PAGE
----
This is not a new book. But it IS a classic. First published in 1981, it is still in print and has yet to be superseded.
The back-jacket blurb describes the writing as “highly readable and lively.” I’ll be more blunt. Stokesbury is an opinionated writer, and can be both witty and entertaining – not least when he is dismissing some bit of common wisdom which is actually wrong – urban legends of WW1. An example:
“The earliest submarines were far more dangerous to their own crews than to anone else, but by 1914, they had become usable weapons. The chief problem was that no one knew exactly what to do with them.”
or this bit on the Third Battle of Artois:
“All through October the men in field gray and in the new French uniforms of the famous “horizon blue” grappled with one another, and when they finally fell back exhausted it was as it had been before. The Germans still held the ridge, and it was just that much more thickly strewn with bodies.”
The book has much that will be familiar to even those with a casual acquaintance of World War 1:
- The startling German offensive that started the war and the frantic transportantion of French reserve forces to the battle of the Marne in a fleet of comandeered Parisian taxis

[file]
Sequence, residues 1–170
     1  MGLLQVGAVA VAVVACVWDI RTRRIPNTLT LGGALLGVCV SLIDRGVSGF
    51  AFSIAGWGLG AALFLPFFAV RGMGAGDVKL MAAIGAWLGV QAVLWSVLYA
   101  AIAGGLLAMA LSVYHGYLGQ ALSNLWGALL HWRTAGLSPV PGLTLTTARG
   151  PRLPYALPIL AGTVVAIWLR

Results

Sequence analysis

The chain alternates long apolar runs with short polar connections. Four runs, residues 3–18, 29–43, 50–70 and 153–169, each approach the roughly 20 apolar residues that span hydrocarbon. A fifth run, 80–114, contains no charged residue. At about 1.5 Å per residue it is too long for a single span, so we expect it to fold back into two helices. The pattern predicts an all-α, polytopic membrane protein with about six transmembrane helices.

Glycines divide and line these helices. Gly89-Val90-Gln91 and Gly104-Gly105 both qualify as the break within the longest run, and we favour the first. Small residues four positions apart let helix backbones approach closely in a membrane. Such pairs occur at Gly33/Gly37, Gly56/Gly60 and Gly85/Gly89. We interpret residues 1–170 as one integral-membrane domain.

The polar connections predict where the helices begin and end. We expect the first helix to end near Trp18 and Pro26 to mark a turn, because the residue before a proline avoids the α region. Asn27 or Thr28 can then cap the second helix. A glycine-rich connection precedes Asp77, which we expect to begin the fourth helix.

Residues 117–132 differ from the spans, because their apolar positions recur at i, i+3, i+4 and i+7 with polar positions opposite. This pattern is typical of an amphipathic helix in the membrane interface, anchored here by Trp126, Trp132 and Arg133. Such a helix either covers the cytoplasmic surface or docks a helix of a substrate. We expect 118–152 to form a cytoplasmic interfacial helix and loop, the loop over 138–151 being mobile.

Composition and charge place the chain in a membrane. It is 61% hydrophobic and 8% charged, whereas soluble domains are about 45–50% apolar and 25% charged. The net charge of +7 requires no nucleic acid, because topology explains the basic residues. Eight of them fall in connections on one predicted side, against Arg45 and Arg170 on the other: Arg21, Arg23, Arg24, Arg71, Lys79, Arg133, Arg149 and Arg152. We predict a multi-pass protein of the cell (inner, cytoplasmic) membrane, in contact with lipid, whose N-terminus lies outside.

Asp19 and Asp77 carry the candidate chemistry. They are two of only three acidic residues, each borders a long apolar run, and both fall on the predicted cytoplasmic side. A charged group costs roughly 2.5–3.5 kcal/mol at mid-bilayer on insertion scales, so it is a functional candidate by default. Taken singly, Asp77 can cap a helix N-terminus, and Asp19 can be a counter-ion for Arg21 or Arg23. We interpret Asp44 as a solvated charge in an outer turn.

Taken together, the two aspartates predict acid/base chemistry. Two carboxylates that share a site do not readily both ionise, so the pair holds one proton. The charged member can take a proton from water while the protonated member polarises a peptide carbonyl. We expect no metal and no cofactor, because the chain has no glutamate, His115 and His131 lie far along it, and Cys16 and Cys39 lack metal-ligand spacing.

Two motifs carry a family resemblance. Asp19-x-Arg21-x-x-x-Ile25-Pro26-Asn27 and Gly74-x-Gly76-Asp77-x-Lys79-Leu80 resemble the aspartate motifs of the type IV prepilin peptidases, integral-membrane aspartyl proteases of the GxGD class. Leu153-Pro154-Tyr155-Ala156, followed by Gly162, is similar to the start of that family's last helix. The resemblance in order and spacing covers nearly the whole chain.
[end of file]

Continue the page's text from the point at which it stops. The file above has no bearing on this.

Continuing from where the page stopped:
- The ill-fated “second front” planned by Churchill and fought by the Anzac troops in the Dardanelles
- The appalling battles of attrition fought at Verdun and on the Somme
Just as interesting, and of much significance for those who want to understand the later course of events in the 20th century are chapters on the Collapse of Russia, the United States Entry into the War, and Imperial Wars and Colonial Campaigns.
Through it all, Professor Stokesbury has a knack for summarizing and conveying both the essential details as well as what they mean and why they’re important. I highly recommend this as a resource for anyone who wants an understanding of WW1 that goes beyond just a few chapters in a survey textbook.
– Rob Shearer
Director, Schaeffer Study Center